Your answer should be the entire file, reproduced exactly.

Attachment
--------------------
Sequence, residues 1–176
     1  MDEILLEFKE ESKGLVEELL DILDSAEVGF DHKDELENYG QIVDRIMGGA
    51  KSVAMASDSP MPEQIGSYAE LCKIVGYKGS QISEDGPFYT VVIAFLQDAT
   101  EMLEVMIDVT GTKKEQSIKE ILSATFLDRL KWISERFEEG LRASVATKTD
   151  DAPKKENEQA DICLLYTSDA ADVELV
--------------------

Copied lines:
Sequence, residues 1–176
     1  MDEILLEFKE ESKGLVEELL DILDSAEVGF DHKDELENYG QIVDRIMGGA
    51  KSVAMASDSP MPEQIGSYAE LCKIVGYKGS QISEDGPFYT VVIAFLQDAT
   101  EMLEVMIDVT GTKKEQSIKE ILSATFLDRL KWISERFEEG LRASVATKTD
   151  DAPKKENEQA DICLLYTSDA ADVELV